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Rod Stewart Returns To The Great American Songbook

Maximum Performance

Few could have imagined that Rod Stewart--the rooster-haired, onetime lead singer of iconic '60s rockers the Jeff Beck Group--would not only still be at it over 40 years later, but using the term "age appropriate" when discussing his music.

Stewart, whose career has of course skyrocketed since those days--lifetime album and single sales are now estimated at 250 million--has lately been charting an interesting course that's about as far removed from rock 'n' roll as are Cole Porter and Henry Mancini. And those are just two distinguished American songwriters Stewart covers on Fly Me to The Moon...The Great American Songbook: Volume V.

The new album, out Tuesday (Oct. 19), is the latest in a string of similar projects from Stewart since 2002's groundbreaking It Had To Be You: The Great American Songbook, which took classic songs from all eras of the 20th century--make that the early-to-mid 20th century--and essentially brought him a whole new audience. And very likely an older one.

Those that came to Stewart via that album will be similarly thrilled with his latest, which spotlights such classics as "That Old Black Magic," "I Get A Kick Out Of You," "Fly Me To Moon" and "Moon River," among other standards, but tosses in a little more danceability this time around.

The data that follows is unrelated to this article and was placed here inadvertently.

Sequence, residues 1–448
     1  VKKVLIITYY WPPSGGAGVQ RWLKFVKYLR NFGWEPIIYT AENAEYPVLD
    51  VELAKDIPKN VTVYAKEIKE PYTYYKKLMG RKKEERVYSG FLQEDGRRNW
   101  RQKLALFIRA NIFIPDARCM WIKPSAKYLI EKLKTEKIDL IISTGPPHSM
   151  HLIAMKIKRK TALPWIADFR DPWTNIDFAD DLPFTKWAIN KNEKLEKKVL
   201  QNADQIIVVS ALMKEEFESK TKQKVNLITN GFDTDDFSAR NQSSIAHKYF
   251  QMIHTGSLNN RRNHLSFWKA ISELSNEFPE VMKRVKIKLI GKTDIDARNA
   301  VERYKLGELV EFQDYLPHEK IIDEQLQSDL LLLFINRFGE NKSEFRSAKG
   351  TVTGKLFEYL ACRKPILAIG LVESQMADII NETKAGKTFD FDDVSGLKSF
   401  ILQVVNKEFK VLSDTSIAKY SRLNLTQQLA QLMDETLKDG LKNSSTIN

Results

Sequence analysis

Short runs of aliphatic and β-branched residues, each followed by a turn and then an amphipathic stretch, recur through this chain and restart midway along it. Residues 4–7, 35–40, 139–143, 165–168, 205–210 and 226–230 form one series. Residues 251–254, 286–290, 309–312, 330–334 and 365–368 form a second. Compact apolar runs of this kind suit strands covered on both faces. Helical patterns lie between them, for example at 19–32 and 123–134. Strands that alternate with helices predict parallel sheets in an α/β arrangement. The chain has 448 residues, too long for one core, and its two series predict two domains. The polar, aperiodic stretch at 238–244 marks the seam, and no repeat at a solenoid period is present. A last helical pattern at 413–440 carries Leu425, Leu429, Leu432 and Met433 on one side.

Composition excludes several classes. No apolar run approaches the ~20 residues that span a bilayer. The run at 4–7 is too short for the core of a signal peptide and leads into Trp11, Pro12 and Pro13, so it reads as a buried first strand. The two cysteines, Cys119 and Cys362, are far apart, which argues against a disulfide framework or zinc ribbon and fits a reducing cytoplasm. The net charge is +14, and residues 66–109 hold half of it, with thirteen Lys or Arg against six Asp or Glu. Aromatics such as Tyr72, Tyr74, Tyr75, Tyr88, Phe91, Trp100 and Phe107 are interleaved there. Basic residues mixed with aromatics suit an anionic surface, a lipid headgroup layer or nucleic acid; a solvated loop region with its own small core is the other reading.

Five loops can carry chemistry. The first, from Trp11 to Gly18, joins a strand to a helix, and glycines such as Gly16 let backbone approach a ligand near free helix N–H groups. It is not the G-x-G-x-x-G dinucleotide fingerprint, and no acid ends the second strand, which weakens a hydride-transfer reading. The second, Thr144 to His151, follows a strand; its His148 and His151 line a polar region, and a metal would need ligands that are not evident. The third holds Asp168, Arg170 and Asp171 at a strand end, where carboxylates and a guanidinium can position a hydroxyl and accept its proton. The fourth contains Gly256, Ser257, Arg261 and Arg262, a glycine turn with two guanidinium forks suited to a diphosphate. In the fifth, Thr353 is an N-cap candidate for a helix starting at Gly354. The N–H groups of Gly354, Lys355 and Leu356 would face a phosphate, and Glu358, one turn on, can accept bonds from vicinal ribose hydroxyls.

Y! Music recently got a chance to drop by the singer's Los Angeles home for a brief chat, and Stewart proved a charming and gracious interview subject--and a very bright one as well. Stewart revealed the motivation behind the making of his new album, where he sees this type of music fitting into his overall career curve, and who he's now seeing as his major audience. He'll soon get a chance to see more of that audience in person: Next month he'll be performing eight shows at The Colosseum at Caesars Palace--his first-ever Las Vegas run and, one suspects, probably not his last.

Check out the man himself below:

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